I have a memory leak on one of my apps being served with nginx + passenger and a min/max_instances 2 setting. Memory keeps growing up as time passes by, and this can be a problem on a machine with limited memory (eg Amazon Web Services) that can end up crashing badly.

Is there a way / trick to restart some passenger processes of the same app, either periodically or when memory reaches a certain threshold ?

Suppose I have an application group A that can start up to 2 processes A1 and A2. I'd like to restart A1 and A2 one at a time to ensure service continuity (this is not a zero-downtime deployment since it relies on the same unmodified app, but some way to purge the memory leak and restart a fresh process until I figure out the problem).

Eg suppose I have the following state:

Requests in queue: 0

  * PID: 11124   Sessions: 0       Processed: 14638   Uptime: 1d 12h 31m 29s
    CPU: 0%      Memory  : 341M    Last used: 24s
  * PID: 11131   Sessions: 0       Processed: 9323    Uptime: 1d 12h 31m 29s
    CPU: 0%      Memory  : 389M    Last used: 24s

Process n°2 starts taking up a lot of memory (~400) so I'd like to restart it (and only this process) which should bring it back to 100MB ish, and I'd do the same with Process n°1 later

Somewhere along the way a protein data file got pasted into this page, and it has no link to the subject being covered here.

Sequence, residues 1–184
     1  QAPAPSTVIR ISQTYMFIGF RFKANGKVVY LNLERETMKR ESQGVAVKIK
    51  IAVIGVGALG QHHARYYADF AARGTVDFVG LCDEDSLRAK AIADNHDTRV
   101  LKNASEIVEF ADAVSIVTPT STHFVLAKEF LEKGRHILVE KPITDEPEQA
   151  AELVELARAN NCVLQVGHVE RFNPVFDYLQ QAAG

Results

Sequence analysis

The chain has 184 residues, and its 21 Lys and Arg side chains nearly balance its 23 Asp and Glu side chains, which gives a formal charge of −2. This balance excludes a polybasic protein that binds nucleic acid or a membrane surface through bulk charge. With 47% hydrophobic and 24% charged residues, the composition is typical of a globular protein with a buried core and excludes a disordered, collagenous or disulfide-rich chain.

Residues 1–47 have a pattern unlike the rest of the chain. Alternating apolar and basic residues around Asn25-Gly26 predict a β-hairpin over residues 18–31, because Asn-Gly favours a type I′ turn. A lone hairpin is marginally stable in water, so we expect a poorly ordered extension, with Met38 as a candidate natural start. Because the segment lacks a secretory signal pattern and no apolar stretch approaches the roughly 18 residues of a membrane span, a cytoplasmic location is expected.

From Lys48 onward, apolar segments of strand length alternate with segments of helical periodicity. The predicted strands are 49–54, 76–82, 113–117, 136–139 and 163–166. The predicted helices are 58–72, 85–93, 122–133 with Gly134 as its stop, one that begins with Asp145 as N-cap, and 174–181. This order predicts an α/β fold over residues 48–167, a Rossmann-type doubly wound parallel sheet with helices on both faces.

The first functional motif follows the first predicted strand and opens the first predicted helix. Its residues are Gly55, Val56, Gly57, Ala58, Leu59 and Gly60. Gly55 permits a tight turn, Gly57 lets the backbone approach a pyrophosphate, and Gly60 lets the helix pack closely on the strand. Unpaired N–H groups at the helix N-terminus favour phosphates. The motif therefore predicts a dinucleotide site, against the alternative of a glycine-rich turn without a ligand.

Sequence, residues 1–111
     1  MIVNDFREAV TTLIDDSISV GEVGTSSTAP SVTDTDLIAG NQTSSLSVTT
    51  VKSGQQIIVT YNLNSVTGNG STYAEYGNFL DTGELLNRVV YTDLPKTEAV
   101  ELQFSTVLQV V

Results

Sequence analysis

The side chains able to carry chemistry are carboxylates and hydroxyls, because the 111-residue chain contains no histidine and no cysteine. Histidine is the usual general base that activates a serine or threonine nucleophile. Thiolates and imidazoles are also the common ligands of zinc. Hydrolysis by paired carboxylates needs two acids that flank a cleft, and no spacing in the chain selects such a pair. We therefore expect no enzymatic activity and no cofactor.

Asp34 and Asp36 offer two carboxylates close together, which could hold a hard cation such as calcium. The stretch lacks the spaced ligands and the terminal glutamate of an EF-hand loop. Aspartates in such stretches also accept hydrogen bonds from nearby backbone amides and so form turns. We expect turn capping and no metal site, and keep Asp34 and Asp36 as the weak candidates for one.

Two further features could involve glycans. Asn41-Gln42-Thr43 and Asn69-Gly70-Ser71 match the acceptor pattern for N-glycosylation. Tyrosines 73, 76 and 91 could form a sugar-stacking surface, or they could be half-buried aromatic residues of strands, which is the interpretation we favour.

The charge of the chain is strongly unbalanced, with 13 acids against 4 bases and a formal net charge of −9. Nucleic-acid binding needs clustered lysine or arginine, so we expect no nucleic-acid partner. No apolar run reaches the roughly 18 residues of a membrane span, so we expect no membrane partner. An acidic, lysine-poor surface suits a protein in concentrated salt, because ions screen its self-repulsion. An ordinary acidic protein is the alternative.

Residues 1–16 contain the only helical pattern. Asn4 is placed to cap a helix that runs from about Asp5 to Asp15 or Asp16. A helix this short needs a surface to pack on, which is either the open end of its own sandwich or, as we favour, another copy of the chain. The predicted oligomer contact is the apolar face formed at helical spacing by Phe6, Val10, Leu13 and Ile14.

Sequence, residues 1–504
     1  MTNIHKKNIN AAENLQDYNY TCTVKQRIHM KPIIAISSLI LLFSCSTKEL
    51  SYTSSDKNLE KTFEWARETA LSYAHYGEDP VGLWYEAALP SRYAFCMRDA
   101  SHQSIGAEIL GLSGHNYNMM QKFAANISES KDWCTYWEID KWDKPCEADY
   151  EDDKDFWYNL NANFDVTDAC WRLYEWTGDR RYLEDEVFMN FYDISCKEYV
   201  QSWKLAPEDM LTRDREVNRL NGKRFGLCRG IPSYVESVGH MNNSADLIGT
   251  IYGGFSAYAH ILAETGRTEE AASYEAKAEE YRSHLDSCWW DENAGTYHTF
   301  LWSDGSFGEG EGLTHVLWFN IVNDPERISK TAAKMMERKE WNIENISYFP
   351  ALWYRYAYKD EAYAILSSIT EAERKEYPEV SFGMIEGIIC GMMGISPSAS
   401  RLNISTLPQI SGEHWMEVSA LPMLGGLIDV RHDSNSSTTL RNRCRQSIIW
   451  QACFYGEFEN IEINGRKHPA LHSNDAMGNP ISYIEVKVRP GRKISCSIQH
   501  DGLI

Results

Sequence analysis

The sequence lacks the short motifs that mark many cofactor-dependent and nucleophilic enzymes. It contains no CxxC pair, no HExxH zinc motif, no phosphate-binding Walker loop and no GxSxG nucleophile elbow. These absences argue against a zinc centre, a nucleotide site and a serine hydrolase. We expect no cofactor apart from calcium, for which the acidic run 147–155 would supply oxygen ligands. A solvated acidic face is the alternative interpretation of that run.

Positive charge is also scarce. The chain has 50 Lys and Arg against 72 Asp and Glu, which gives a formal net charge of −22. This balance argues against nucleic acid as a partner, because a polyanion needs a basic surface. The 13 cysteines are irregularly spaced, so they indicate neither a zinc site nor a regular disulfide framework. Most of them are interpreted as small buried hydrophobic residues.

The memory leak takes some time to build and it would be best if I could restart only when detecting too high memory usage, but if I can schedule a process restart every night or so this could also work totally fine (eg restart process n°1 at 3am, then process n°2 at 4am)

Is there any signal I can send to this passenger group that would let me restart processes one by one ?


This is may be a little bit to late for the OP, but we have the following cron-script running on our AWS hosts every minute:

let "TARGET = 400 * 1024" # = 400 MB
ps aux --sort -rss | grep "Passenger RackApp" | while read -r LINE; do
        read PID MEMORY <<< $(echo $LINE | awk '{ print $2; print $6 }')
        if [ $MEMORY -gt $TARGET ]
                `kill -15 $PID`
exit 0

Depending on the configuration, passenger will immediately re-spawn the stopped process.


If this is your production application, I'd suggest you go with passenger enterprise. There is a nice feature you can add to the nginx config:

passenger_memory_limit 1024;

Passenger will reload the process when the memory hits 1024 or whatever number you want to specify. You can also take advantage of multi-threading since passenger standalone is single threaded.

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